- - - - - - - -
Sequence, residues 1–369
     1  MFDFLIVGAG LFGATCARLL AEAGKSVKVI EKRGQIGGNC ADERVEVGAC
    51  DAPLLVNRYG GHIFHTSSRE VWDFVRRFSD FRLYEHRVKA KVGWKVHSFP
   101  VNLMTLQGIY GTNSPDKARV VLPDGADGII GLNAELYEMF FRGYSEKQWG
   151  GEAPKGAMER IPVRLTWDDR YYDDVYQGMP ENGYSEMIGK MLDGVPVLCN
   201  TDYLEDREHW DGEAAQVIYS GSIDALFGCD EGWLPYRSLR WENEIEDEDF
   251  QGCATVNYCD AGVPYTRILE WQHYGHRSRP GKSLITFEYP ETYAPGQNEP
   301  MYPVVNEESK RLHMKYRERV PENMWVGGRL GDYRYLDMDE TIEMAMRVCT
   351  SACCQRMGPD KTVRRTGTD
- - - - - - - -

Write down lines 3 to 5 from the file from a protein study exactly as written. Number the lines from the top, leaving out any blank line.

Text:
    51  DAPLLVNRYG GHIFHTSSRE VWDFVRRFSD FRLYEHRVKA KVGWKVHSFP
   101  VNLMTLQGIY GTNSPDKARV VLPDGADGII GLNAELYEMF FRGYSEKQWG
   151  GEAPKGAMER IPVRLTWDDR YYDDVYQGMP ENGYSEMIGK MLDGVPVLCN